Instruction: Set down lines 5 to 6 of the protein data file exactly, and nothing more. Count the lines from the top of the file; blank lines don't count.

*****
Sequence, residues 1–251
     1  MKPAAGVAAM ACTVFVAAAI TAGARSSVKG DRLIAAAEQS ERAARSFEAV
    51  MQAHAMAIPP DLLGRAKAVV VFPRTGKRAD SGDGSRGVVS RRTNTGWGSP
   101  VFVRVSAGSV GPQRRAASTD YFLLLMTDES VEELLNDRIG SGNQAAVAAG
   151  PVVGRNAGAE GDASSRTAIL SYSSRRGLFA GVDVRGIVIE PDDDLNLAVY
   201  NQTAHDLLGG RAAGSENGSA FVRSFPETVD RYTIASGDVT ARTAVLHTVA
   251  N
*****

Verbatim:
   151  PVVGRNAGAE GDASSRTAIL SYSSRRGLFA GVDVRGIVIE PDDDLNLAVY
   201  NQTAHDLLGG RAAGSENGSA FVRSFPETVD RYTIASGDVT ARTAVLHTVA